The Zimmerman trial has brought to light Florida's controversial Stand Your Ground law.
Though former neighborhood watch volunteer George Zimmerman's defense never cited Stand Your Ground laws in its case, the jury was instructed to consider them during deliberations. The jury acquitted Zimmerman of all charges in the 2012 shooting death of Trayvon Martin.
Take a look at which other states have similar laws and how the laws actually work.
Stand Your Ground laws eliminate the legal requirement that a person threatened outside of his or her own home retreat rather than use force.
First adopted in Florida in 2005, Stand Your Ground laws were drafted and promoted by the National Rifle Association and have since been enacted in some form in 22 states.
The Florida version of the law states, "A person who is not engaged in an unlawful activity and who is attacked in any other place where he or she has a right to be has no duty to retreat and has the right to stand his or her ground and meet force with force, including deadly force if he or she reasonably believes it is necessary to do so to prevent death or great bodily harm to himself or herself or another or to prevent the commission of a forcible felony."
In a study done last year by the Tampa Bay Times, nearly 200 Florida Stand Your Ground cases were analyzed. Among the findings was the fact that those who invoke Stand Your Ground to avoid prosecution have been extremely successful. Nearly 70 percent have gone free.
Here's a map of the U.S. highlighting the states that currently have limited and unlimited Stand Your Ground laws.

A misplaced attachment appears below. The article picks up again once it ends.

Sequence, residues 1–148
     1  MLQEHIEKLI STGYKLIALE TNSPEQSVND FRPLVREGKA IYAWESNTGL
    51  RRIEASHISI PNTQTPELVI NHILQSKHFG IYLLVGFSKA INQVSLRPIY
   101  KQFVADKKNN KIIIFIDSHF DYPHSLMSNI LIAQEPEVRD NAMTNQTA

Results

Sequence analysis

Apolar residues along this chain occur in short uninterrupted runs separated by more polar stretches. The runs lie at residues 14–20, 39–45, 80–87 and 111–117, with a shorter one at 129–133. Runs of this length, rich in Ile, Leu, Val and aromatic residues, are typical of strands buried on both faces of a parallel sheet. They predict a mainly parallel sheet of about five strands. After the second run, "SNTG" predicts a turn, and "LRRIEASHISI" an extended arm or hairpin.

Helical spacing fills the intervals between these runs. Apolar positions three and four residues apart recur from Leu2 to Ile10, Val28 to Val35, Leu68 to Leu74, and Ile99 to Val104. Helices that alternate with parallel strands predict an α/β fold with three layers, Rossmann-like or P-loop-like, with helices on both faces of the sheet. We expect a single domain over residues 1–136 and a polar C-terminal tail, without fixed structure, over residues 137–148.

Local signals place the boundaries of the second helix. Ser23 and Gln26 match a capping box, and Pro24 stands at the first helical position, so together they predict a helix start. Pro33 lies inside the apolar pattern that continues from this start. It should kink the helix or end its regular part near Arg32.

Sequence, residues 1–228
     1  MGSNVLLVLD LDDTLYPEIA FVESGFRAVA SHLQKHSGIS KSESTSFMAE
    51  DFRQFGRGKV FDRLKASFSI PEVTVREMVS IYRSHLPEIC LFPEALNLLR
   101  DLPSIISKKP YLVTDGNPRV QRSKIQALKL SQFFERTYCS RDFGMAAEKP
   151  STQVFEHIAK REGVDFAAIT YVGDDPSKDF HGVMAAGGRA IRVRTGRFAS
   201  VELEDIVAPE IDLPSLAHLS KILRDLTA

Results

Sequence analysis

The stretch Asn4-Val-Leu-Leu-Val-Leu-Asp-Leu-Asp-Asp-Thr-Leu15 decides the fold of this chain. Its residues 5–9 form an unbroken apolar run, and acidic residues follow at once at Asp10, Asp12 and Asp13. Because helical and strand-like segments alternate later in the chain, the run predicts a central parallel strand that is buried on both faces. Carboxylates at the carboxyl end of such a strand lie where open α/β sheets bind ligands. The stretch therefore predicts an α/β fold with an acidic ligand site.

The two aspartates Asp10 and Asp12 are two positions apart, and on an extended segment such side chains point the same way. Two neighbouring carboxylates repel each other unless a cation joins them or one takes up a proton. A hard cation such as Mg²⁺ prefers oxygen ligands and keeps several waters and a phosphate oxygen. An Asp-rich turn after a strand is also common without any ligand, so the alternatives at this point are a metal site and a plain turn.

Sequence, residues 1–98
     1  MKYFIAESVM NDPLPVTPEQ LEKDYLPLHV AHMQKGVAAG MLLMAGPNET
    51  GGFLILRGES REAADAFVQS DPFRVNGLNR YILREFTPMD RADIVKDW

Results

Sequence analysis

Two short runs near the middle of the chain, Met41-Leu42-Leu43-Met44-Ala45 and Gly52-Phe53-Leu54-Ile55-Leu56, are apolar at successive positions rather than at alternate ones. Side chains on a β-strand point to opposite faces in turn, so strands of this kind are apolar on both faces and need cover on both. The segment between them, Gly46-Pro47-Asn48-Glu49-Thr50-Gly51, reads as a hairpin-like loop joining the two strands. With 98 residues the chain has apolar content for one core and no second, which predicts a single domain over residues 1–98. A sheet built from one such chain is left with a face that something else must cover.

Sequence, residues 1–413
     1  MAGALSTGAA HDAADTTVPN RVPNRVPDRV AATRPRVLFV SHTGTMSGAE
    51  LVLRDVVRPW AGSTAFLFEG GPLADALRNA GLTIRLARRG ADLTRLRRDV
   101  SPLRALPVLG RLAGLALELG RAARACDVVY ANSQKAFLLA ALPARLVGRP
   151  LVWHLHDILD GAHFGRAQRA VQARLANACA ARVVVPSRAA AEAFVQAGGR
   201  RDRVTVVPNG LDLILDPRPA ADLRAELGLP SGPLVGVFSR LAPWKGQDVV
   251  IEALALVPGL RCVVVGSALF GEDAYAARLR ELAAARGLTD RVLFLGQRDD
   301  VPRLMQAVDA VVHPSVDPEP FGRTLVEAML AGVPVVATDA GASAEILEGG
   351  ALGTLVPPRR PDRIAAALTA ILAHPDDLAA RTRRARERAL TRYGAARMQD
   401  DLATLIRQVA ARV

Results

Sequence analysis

U.S. Attorney General Eric Holder spoke at the annual convention of the National Association for the Advancement of Colored People (NAACP) in Orlando July 16, 2013. Holder told the major civil rights convention that "Stand Your Ground" laws should be reconsidered.
Florida Gov. Rick Scott met with protesters on the night of July 18 and defended his position to not amend his state's law.
Singer Stevie Wonder recently announced that he is boycotting the state of Florida. "I decided that until the Stand Your Ground law is abolished in Florida, I will never perform there again," he told the audience while performing at a concert.
What are the changes of the law getting repealed? Not good, right now. The NRA is strong in the 22 states that have the laws, and law experts have noted that there may be some popular appeal to the notion that citizens should be able to protect themselves and not run from crime. Also, the laws are relatively new and it's unlikely the same legislators who put the laws on the books would suddenly be inclined to think they were wrong.
Click here to read more about the Zimmerman trial and the verdict.